Bird: 4 definitions

Introduction:

Bird means something in Buddhism, Pali, Hinduism, Sanskrit, the history of ancient India. If you want to know the exact meaning, history, etymology or English translation of this term then check out the descriptions on this page. Add your comment or reference to a book if you want to contribute to this summary article.

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In Hinduism

Natyashastra (theatrics and dramaturgy)

Source: Shodhganga: Elements of Art and Architecture in the Trtiyakhanda of the Visnudharmottarapurana (natya)

Birds (like Cakora and Cātaka) are associated with Kāṅgūla-hasta: one of the twenty-two Single-hand Gestures (in Indian Dramas) (known as asaṃyuktahastas), according to the Viṣṇudharmottarapurāṇa, an ancient Sanskrit text which (being encyclopedic in nature) deals with a variety of cultural topics such as arts, architecture, music, grammar and astronomy.—In kāṅgūlahasta, the middle finger is set between the forefinger and thumb while the ring finger is bent and the little finger is quite upward. According to the Viṣṇudharmottarapurāṇa, the kāṅgūla posture is used to denote fruits. In the Abhinayadarpaṇa, this posture is said to indicate things as fruits, bell, birds like cakora and cātaka, coconut etc.

Natyashastra book cover
context information

Natyashastra (नाट्यशास्त्र, nāṭyaśāstra) refers to both the ancient Indian tradition (shastra) of performing arts, (natya—theatrics, drama, dance, music), as well as the name of a Sanskrit work dealing with these subjects. It also teaches the rules for composing Dramatic plays (nataka), construction and performance of Theater, and Poetic works (kavya).

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Yoga (school of philosophy)

Source: ORA: Amanaska (king of all yogas): A Critical Edition and Annotated Translation by Jason Birch

The Bird (symbolizing the Mind) is denoted by the Sanskrit term Manaḥ-Pakṣī, according to the Amanaska Yoga treatise dealing with meditation, absorption, yogic powers and liberation.—Accordingly, as Īśvara says to Vāmadeva: “[...] When the wings, which are the in and out breaths and whose sphere of operation is all the senses, are cut off, the mind-bird (manaḥ-pakṣī) being motionless [in the air], plummets. [The Yogin] becomes joyful like a fish having torn [free from] the mind-net, whose threads are the breath and whose knots are the senses. [...]”.

Yoga book cover
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Yoga is originally considered a branch of Hindu philosophy (astika), but both ancient and modern Yoga combine the physical, mental and spiritual. Yoga teaches various physical techniques also known as āsanas (postures), used for various purposes (eg., meditation, contemplation, relaxation).

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In Buddhism

Tibetan Buddhism (Vajrayana or tantric Buddhism)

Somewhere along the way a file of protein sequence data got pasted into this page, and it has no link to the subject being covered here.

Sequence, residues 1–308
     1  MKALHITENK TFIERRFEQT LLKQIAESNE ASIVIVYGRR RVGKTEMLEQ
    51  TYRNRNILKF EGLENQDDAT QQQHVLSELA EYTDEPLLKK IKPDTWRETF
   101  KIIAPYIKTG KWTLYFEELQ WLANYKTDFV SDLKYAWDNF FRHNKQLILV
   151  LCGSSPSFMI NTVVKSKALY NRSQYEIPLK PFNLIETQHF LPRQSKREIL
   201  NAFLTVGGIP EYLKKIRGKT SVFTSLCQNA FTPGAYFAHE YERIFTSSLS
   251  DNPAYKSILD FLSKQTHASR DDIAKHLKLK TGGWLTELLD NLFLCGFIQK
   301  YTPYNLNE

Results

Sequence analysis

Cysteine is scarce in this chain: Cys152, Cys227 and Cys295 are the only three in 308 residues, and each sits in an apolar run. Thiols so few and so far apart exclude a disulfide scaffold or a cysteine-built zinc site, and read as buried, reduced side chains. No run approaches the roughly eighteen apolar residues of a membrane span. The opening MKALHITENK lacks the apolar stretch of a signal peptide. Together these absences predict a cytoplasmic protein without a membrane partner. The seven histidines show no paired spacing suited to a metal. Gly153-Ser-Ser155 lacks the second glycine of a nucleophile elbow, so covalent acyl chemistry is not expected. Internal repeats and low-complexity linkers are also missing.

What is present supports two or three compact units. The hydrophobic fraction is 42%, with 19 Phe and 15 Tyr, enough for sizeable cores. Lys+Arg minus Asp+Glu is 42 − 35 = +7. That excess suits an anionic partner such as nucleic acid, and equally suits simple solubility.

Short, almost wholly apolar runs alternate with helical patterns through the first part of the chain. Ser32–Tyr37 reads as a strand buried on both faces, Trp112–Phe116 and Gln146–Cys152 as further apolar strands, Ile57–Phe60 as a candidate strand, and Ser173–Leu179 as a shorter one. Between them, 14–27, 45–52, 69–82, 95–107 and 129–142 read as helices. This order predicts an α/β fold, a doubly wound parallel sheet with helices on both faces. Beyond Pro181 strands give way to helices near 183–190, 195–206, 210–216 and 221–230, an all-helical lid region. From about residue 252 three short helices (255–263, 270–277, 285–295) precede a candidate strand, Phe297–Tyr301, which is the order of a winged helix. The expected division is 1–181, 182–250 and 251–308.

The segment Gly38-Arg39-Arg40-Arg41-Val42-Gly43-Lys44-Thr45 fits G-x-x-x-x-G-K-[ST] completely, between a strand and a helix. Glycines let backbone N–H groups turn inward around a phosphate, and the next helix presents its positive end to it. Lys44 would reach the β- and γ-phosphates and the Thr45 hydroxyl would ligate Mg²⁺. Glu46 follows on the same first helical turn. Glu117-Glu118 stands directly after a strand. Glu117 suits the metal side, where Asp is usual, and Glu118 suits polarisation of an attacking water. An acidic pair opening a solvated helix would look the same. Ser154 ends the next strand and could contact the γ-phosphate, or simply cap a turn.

Source: ORA: Amanaska (king of all yogas): (Tibetan Buddhism)

Birds (in Sanskrit: Pakṣin) can be controlled by one having the Siddhi (power) of Speech, according to verse 14.24bd-27 of the Laghuśaṃvara, an ancient Buddhist Yoginī Tantra.—Accordingly: “The Sādhaka [who has] the Siddhi of speech can certainly attract a king or queen by [merely] thinking [it]. [...] And he can stop a river, a cart, a machine [like a water-wheel,] the ocean, elephants and horses, clouds, a man or bird (pakṣin) [pakṣiṇam] merely by means of his speech. He achieves everything which he desires by his speech”.

Tibetan Buddhism book cover
context information

Tibetan Buddhism includes schools such as Nyingma, Kadampa, Kagyu and Gelug. Their primary canon of literature is divided in two broad categories: The Kangyur, which consists of Buddha’s words, and the Tengyur, which includes commentaries from various sources. Esotericism and tantra techniques (vajrayāna) are collected indepently.

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India history and geography

Source: Singhi Jain Series: Ratnaprabha-suri’s Kuvalayamala-katha (history)

1) Birds were kept as pets, and put in cages as part of the tasks performed to beautify the Sleeping chamber (of young ladies) in Ancient India, as depicted in the Kathās (narrative poems) such as Uddyotanasūri in his 8th-century Kuvalayamālā (a Prakrit Campū, similar to Kāvya poetry).—The Kuvalayamala (779 A.D.) is full of cultural material which gains in value because of the firm date of its composition. [...] Page 83.3-9: Here is the description of the house or the sleeping chambers of young ladies which were beautified for the reception of their husbands. The select items in this list are as follows: [e.g., placing the pet birds in the cages (jaṃta-sauṇae);] [...]

2) Birds (and other animal life) was commonly depicted on the Saṃsāracakra paintings (representing scenes of animal life), in ancient India, according to the Kuvalayamālā.—Page 185.21 f.: Here follows a description of a printed scroll illustrating the Jaina conception of saṃsāracakra. [...] The saṃsāra-cakra illustrated the three worlds of hell, human world and the world of gods. [For example:] Scenes of bird and animal life, e.g., fight between lion and elephant (as depicted in the Kailāsa temple at Ellora).

India history book cover
context information

The history of India traces the identification of countries, villages, towns and other regions of India, as well as mythology, zoology, royal dynasties, rulers, tribes, local festivities and traditions and regional languages. Ancient India enjoyed religious freedom and encourages the path of Dharma, a concept common to Buddhism, Hinduism, and Jainism.

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